Introduction: giving is no longer a privilege. This is a weird time. It’s the end of the year—the holidays—a time for celebration and togetherness but also a time when those in need feel their desperate situation most acutely. I know, I know: what’s new right? This happens every year, so what makes this year so special?
Tax reform is suddenly on the menu, for starters. This on the heels of the greatest recession of our time. But perhaps the most important current event is that selfishness and isolationism are experiencing an incredible renaissance. This terrible trifecta is a perfect storm that is rapidly changing the conversation of charitable giving.
This month we’re taking that conversation to three experts here in Portland. Our first installment is with Susan Stoltenberg, the Executive Director of Portland’s YWCA. Next week we'll hear from Lester Thompson, Fully’s CFO, and then Fully’s Social Responsibility Manager, A’Quila Ettien. Together we will discuss why the days of corporate and individual giving are not only a responsibility, but the only viable business model for those corporations wishing to flourish now and in the future.
Part one: Got Bootstraps?
Why should companies/businesses give back?
Employee morale and retention: When employers give back to their communities, incredible things happen. When employees are given time off to take part in their children's schools or other community efforts it strengthens an employee’s loyalty to their employer and raises retention rates. Employers who invest in their community in a just and equitable way, especially if it includes input and participation of their employees, report greater pride and loyalty of their workforce.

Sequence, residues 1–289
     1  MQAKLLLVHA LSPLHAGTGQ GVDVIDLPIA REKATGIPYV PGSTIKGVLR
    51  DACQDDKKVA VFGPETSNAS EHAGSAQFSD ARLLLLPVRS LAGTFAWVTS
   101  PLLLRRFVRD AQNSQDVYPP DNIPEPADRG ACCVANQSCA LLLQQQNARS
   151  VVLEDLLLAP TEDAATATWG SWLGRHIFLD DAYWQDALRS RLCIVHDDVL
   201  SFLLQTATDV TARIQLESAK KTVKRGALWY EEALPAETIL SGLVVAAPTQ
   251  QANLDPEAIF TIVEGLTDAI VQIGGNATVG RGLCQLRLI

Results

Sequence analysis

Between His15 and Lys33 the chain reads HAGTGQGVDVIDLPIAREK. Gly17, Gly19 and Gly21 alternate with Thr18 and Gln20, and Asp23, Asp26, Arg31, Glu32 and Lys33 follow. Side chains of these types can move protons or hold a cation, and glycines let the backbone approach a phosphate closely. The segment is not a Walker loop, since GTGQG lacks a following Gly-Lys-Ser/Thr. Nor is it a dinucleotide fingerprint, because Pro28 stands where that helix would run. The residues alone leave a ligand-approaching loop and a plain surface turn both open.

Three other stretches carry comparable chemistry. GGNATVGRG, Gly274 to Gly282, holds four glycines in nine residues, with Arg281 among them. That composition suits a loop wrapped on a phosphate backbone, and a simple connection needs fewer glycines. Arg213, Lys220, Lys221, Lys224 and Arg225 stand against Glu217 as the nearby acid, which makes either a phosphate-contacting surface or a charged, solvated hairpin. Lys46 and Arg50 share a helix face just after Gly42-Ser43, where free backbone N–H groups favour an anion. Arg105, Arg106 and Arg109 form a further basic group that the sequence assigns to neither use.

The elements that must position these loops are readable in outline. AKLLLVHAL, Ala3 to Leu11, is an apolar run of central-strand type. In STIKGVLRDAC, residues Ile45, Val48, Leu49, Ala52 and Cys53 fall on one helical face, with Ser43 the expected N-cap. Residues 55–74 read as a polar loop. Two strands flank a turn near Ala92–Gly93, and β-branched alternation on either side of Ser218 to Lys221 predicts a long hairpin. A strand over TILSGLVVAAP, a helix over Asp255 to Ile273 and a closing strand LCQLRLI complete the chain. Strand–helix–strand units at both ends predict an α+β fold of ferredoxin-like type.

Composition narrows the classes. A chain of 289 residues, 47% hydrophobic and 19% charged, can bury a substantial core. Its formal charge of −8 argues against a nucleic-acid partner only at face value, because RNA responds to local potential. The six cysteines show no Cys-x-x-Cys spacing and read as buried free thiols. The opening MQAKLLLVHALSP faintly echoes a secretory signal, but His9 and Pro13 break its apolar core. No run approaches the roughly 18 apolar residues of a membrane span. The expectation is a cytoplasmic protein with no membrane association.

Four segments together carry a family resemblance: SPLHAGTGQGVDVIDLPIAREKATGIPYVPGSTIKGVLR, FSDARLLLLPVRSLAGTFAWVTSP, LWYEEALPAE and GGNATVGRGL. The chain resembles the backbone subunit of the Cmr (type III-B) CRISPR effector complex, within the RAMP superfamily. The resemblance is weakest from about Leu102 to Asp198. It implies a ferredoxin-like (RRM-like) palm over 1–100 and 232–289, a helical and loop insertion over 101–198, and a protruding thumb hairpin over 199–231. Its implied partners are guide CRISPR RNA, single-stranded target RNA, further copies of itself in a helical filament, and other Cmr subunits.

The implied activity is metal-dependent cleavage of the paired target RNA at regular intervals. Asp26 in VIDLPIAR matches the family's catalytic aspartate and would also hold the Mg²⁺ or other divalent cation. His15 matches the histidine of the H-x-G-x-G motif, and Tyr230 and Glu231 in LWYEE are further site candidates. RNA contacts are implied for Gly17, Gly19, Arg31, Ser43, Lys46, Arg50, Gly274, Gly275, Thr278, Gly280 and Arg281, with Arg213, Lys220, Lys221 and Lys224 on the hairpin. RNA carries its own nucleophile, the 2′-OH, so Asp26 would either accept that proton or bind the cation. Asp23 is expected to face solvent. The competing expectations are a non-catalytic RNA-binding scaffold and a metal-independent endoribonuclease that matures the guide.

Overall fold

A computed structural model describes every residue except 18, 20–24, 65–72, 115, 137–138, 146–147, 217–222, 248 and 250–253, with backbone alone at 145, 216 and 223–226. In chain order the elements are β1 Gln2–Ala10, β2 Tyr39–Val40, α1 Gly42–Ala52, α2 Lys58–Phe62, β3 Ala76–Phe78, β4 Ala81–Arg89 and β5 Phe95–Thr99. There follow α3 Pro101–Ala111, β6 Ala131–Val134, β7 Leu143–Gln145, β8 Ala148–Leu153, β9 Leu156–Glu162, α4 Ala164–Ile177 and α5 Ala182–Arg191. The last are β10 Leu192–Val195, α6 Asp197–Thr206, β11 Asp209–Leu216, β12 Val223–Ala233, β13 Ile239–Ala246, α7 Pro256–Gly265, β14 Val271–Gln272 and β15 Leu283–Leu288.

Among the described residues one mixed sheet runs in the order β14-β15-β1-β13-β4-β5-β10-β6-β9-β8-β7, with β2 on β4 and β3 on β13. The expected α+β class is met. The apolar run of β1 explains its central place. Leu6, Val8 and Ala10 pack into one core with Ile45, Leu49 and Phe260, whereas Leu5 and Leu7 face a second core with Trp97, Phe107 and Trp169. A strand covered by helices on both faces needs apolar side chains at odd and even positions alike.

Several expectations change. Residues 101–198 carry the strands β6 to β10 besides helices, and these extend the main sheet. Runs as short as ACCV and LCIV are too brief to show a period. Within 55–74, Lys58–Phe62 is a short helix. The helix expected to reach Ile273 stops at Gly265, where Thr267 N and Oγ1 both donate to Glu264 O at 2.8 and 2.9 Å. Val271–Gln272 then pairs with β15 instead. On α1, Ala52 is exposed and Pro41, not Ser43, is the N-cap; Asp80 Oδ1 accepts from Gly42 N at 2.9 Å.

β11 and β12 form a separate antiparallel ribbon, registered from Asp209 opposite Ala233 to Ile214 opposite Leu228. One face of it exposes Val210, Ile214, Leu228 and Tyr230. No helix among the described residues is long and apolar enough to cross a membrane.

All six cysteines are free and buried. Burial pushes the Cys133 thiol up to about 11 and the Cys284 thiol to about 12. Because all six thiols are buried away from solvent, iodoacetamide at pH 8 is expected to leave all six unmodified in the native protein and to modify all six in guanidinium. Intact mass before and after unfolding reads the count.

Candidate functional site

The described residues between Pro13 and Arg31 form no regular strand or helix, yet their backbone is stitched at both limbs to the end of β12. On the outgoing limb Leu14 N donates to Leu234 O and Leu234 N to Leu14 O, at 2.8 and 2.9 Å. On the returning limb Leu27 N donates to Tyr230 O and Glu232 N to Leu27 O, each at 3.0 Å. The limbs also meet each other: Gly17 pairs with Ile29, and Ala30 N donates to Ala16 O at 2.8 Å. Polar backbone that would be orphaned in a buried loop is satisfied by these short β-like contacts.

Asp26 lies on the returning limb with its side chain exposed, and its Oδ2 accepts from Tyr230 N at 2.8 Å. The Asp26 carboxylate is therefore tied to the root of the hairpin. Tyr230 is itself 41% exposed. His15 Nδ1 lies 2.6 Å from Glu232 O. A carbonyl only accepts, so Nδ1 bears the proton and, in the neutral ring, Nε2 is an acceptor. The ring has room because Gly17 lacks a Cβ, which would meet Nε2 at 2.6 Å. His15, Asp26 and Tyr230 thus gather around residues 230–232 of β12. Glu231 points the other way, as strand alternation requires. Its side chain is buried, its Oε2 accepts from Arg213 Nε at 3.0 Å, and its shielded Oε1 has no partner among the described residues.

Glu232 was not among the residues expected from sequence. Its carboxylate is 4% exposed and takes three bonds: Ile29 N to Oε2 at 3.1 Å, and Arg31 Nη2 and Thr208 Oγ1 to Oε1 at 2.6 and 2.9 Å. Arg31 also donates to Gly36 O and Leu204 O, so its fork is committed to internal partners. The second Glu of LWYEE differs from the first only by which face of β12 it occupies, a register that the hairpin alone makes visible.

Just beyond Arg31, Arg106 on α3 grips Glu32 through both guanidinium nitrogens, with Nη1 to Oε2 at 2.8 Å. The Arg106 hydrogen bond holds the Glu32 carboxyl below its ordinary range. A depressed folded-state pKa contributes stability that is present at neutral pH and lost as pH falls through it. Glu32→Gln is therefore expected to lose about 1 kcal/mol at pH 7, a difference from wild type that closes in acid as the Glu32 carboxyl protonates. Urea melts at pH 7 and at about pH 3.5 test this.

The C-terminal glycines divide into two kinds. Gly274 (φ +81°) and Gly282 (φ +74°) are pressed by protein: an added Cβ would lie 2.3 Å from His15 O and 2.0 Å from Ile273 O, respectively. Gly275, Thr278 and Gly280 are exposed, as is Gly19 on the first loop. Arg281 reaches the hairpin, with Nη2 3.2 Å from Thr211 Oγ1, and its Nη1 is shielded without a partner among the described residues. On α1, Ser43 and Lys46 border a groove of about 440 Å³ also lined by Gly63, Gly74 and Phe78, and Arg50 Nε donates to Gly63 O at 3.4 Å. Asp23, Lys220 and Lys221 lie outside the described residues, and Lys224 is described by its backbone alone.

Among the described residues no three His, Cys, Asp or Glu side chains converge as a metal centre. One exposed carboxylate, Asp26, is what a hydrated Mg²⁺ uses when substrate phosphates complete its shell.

When communities flourish, businesses flourish: Businesses need good schools and safe neighborhoods. To attract and retain outstanding leadership, businesses need effective transportation systems, a rich, healthy environment and high quality child care. Developing a diverse, capable and responsive workforce means investing in your community. Of course, there remains some tax benefits to contributions, but this is peanuts compared to the social return on well spent time and money.
What about picking yourself up by your bootstraps?
We hear that argument a lot—"I got here on MY own…" To pick yourself up by your bootstraps, it helps to have boots. It helps to know how to tie the laces and to have seen others succeed in some bootstrap pulling of their own.
Consider all the people who helped you get where you are today. Start early: did you have to wonder where you’d get your next meal from? How often did you move between schools? Were you ever in foster care? As a child, were you raised in an unsafe environment? Did you lose either parent to death, incarceration or drug addiction? Who encouraged you and made you feel like you were important, worthy? Did you have role models?
How about your neighborhood? Could you walk or ride your bike safely? Did you know your neighbors? Were you able to participate in sports? The arts? Summer camps or school clubs?
How about your career? Where and how did you start?